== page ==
Monday, December 16, 2013

Full Planet

A popular argument for the - wait, what should I call them? Pro-procreates? Pro-population? Natalists? I feel like calling them anti-Nature, because they seem to think the world can just keep going, and are not hearing the groans of it under the weight of us. OK, more on that another time. Suggestions welcome. A popular argument for those who DON'T think we need to slam the brakes on population is that the planet can handle a lot more than we have now. Let's turn back to Mr. Butler and his point of view for an example. He says: 
The world is not ‘full up’
The world is not experiencing runaway population growth. While population is growing, the rate of this growth is actually slowing down. This is mostly due to rising urbanization and marginal improvements in women’s access to birth control technology. The rate of population growth peaked at 2% annually in the 1960s, and has fallen consistently since then.

Yeah, I'm definitely not falling for that. What this utterly fails to take into consideration is the exponential nature of population growth. Growth is not linear. It IS exponential. 
According to the UN the average number of children born per woman fell from 4.9 in the late 1960s to 2.7 in 1999.[2] A December 2008 assessment from the US Census Bureau predicts a steady decline to 0.5% annual population growth by 2050.
Between 1950 and 2000 world population increased by 140%. Experts predict a rise of 50% between 2000 and 2050 and just 11% in the 50 years following that.

Again, please take into account that in the 1950s, the world population was under 3 billion. There's that little equation we learned in 7th grade that has to do with exponential increases. Perhaps that wasn't covered in this gentleman's math class. 
In contrast, the rate of greenhouse gas emissions is rising out of control. Polluting technology, rampant consumerism and corporate greed are driving this increase – not population.

Yes, these things are definitely problems. I fail to understand how rising population is NOT a factor here. When you have more consumers, rampant consumerism is even more rampant. These things must be addressed, and they must be addressed in concert with lower population growth. Fewer people of course means more resources consumed. How can an increased population NOT consume more?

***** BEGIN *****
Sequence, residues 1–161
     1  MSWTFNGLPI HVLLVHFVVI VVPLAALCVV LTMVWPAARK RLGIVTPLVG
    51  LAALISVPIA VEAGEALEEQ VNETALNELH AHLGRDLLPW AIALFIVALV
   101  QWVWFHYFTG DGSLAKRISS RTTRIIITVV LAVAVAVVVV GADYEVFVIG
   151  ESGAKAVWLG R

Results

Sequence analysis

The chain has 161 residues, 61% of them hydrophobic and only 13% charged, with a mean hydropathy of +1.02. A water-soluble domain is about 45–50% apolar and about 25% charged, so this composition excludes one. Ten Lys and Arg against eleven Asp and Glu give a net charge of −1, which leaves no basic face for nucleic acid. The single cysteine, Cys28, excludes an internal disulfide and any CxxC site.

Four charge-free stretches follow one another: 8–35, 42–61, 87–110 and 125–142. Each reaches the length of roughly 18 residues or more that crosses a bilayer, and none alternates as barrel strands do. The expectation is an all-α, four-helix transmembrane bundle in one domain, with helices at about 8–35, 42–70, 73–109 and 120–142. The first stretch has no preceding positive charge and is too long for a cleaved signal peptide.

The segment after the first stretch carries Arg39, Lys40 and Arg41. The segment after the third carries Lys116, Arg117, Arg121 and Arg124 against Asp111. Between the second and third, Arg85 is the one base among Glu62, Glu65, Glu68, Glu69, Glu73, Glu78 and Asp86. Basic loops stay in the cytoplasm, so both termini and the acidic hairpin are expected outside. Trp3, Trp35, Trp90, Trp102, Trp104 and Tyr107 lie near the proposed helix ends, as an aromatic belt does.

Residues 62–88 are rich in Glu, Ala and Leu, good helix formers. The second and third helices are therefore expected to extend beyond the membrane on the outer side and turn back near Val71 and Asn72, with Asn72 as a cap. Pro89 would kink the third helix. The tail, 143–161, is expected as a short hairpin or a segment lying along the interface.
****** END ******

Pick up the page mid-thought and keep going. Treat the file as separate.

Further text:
Another popular argument deals with being able to feed all this humanity. It's one of my favorite discussions. 
Can we feed this many people? Studies by the UN’s Food and Agriculture Organisation insist it is possible to feed well over 10 billion people sustainably – but only if we move to a very different food system. A diversified and organic farming system which produces a balanced mix of plant foods, along with small amounts of meat, could, according to British biologist Colin Tudge, sustain 10 billion people without farming any new areas.
A shift to sustainable farming is also desperately needed to cut greenhouse gas emissions.
This really stumps me. We aren't feeding all the people who are here already. Starvation is a huge problem. And with the addition of climate change - floods, droughts, heat, etc - the future of crops becomes a little iffy. How do we feed 10 billion people if a portion of the 7 billion is starving? Yes, yes, in a perfect world where everything is working properly and there is no greed and there are no dictators and there is no poverty... sure, in that world, everyone is fed. We don't have that world. We can say we want to work toward that world, but really, when is that going to happen? I just don't have that much faith in humanity. Isn't it more logical to figure out how to feed the 7 billion or less, before we try to feed billions more? "...but only if we move to a very different food system." Is this move happening? Is it going to? Can we be sure of that? What evidence do we have that we CAN do so? 

There is no proof that we can feed 10 billion people. Because we are not feeding 7 billion. If we were feeding 7 billion, I could try to accept that this shift is possible. It is not. Let's stop trying to pretend that it is, and deal with the numbers we have now. To do otherwise is to heap more strain and suffering on the species and the planet.

So, yes, I feel the need to say that the planet IS full, and until we can play nice with it, we need to stop adding more with misguided thoughts that it will all be OK. Learn to do it right first. That'd be different. Yeah. Let's try that for awhile.


Quotes courtesy of http://climateandcapitalism.com/2009/05/30/ by Simon Butler of Green Left Weekly. Maybe he has changed his mind by now. 

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